By Nathan Jones
As Web Minister for Lamb & Lion Ministries, I get the blessing each day of responding to an in-boxful of great questions related to Bible prophecy. Many of these questions come from people wanting to know more about the return of Jesus Christ.
Concerning Jesus' prophesied return, it comes as a surprise to some to find out that the Rapture is an event that is going to occur separate and apart from the Second Coming. Here's how I explain it:
When you look at the Bible verses on the Rapture — John 14:1-14, 1 Corinthians 15:51-58, 1 Thessalonians 4:13-18 — and then you look at other verses that talk about the Second Coming — Zechariah 14:1-12, Jesus' account in Matthew 24:29-31 and in Mark 13:24-27, Luke 21:25-27, and Revelation 19 — when compared they tell a different story. We go into reading these verses as if they are supposed to be all about the Second Coming, but discover there is a vast difference between the two accounts.
For instance, if you look at the verses particularly about the Rapture, they tell that when Jesus comes He comes in the air. Believers are brought from the ground up into the air to be with Christ. But, in Second Coming verses, the order occurs the other way around — Jesus is coming down and He actually lands on Earth. So, for the Rapture Jesus is up in the air, but for the Second Coming Jesus comes to the ground.
Also, take the Mount of Olives. In the Rapture verses believers in Christ are brought up into the air and Jesus is waiting for them. But, in the Second Coming verses Jesus comes down to Earth and when He lands (especially in Zechariah 14 explains this) the Mount of Olives splits forming a new valley on the East side of Jerusalem. For such a remarkable event, there is oddly no mention of that in the Rapture verses.
It is like the Rapture and the Second Coming are two different stories — two different events — and so I think that is indeed the case.
Again, let's look at the location of believers in Christ during these events. The believers are brought up to Heaven in the Rapture verses, but when Jesus comes back to Earth there are believers on the Earth. So, if Jesus brought all the believers up at the Rapture, how could there be believers still on the Earth at the Second Coming? A significant time lapse would have had to occur between the Rapture and Second Coming for so many people to come to believe in Jesus as Savior. So, again, these have to be two separate and distinct events.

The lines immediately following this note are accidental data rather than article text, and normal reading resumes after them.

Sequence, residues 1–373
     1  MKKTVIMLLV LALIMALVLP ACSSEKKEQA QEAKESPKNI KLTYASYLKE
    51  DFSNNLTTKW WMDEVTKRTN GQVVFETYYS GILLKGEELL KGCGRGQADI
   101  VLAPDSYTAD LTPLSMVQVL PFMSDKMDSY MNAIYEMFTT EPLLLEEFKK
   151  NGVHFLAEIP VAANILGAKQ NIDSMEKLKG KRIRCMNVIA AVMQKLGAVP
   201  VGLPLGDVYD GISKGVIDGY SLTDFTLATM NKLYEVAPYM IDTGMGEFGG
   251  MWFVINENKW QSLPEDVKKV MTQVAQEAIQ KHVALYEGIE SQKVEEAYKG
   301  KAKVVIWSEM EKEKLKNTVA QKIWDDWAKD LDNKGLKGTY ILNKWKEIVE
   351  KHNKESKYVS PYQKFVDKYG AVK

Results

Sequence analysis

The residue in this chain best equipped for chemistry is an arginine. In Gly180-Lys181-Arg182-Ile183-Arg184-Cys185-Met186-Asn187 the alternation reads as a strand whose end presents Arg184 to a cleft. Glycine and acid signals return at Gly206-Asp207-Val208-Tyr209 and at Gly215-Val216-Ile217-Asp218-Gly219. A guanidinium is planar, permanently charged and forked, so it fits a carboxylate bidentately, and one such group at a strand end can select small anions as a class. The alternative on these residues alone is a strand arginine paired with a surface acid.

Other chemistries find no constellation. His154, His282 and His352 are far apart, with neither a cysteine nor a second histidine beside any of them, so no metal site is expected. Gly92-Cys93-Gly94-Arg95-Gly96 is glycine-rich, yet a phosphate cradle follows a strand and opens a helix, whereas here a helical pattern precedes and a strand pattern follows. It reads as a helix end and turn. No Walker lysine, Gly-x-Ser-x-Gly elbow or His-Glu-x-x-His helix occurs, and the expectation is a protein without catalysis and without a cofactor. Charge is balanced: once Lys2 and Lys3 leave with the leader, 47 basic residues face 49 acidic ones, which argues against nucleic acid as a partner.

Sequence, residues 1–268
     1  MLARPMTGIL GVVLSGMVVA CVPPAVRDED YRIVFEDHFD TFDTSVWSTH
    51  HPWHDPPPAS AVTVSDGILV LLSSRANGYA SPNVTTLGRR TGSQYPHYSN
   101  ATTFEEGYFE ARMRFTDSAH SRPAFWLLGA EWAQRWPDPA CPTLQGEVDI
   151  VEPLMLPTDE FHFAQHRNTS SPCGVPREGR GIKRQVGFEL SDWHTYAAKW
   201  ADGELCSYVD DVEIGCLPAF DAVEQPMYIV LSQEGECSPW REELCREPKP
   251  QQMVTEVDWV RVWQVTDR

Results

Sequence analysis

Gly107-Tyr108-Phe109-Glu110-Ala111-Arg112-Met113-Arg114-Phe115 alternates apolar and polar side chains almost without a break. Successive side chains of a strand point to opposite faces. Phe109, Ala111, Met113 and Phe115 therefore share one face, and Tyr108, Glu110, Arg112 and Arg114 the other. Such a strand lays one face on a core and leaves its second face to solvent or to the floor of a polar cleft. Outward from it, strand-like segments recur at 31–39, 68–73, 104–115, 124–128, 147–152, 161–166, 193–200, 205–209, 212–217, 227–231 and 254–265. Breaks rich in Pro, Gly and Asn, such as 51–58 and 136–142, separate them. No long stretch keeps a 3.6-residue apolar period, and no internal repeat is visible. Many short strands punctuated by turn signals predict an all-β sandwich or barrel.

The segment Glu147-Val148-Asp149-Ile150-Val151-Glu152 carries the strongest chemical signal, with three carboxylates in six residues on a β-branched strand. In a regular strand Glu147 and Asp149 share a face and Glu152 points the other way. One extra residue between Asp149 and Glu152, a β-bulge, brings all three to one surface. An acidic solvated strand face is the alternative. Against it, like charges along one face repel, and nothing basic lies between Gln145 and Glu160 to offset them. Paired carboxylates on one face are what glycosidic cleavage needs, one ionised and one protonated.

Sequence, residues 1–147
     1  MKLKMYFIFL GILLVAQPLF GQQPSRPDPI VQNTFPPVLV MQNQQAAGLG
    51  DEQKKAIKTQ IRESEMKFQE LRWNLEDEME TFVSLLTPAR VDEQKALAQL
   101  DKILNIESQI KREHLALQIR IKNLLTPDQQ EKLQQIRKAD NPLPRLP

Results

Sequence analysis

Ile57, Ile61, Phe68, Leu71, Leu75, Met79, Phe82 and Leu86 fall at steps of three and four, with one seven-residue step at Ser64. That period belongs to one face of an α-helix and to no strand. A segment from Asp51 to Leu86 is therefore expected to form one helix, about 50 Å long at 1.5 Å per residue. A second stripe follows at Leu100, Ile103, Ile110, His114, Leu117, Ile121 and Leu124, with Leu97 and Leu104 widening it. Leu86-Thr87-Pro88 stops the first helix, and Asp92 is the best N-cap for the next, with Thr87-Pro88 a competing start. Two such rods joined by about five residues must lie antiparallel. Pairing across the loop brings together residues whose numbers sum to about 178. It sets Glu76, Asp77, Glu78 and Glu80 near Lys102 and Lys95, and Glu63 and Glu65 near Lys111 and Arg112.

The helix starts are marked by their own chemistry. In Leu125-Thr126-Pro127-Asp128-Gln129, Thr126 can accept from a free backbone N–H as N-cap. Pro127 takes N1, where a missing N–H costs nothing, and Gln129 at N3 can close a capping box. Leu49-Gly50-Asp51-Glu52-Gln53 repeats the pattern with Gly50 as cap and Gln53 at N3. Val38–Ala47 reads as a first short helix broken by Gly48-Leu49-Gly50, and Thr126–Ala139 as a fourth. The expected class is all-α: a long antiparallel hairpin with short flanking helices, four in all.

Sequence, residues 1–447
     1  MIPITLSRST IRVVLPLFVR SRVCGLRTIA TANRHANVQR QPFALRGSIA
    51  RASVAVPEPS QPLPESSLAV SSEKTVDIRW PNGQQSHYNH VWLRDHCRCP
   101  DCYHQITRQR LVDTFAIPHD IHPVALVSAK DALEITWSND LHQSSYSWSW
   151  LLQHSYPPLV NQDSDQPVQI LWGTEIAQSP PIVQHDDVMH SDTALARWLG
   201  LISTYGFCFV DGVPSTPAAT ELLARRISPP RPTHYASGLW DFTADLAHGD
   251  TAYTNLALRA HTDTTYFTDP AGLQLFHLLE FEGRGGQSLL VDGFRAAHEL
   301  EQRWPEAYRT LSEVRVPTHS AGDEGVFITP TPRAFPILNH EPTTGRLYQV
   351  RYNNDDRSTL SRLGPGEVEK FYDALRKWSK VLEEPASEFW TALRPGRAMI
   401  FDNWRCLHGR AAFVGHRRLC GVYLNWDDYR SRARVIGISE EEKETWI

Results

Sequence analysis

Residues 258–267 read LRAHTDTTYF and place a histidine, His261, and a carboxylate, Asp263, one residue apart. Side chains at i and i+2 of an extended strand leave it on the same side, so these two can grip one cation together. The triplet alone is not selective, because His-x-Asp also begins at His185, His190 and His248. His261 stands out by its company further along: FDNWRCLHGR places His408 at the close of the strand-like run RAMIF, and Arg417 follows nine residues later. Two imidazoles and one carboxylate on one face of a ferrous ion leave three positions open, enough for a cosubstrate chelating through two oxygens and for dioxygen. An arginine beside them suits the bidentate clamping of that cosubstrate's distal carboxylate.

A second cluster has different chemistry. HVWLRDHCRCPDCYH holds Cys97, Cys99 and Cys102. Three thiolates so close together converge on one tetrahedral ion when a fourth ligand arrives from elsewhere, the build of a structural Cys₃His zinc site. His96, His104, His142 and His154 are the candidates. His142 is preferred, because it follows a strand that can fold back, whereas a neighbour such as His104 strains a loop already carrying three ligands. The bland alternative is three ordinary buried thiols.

When you read like 1 Thessalonians 4 and you compare it to Revelation 19 you find they don't have anything in common except that they both focus upon Jesus Christ. In one account Jesus appears in the heavens, but in the other account He comes down to Earth. In one He appears for His believers and the other He returns with His believers.
Even the nature of Christ's return is different. In the Rapture account He is appearing as a Deliverer and as a Bridegroom for His Bride, but in the Second Coming account He is coming back to Earth for the purpose of pouring out the wrath of God upon those who have rejected the grace, mercy and love of God, and He comes with His believers and He comes to be a King. They have to be two different events because the stories just don't line up.
What these differences mean is that the Second Coming of Jesus is going to occur in two stages — first the Rapture for the Church and second the later return to the Earth of Jesus with His Church to reign.
Having the Second Coming in two separate stages solves a problem with the differences in accounts, in that the Bible tells us that we cannot know anything about the timing of the Lord's return (Matt. 24:36-24). And, yet, if we go over to the book of Revelation we'll see it says that once the Antichrist signs a peace covenant the time will be exactly seven years until Jesus returns (Dan. 9; Rev. 11). These scriptures give us the exact amount of time that God is going to pour out His wrath on this Earth — 84 months. So, when Jesus in Matthew 24 speaks about not knowing when Christ's coming will happen, it has to be referring to the Rapture. Even Jesus says He doesn't know when He is supposed to come back to the Earth. If the Antichrist signed a peace treaty and then 3 1/2 years later desecrated the newly rebuilt Temple, Jesus could say, "Okay, I've got this many days before I am going to show up."
Because of these differences in the accounts, the Rapture and the Second Coming must be separate events within Jesus' prophesied return.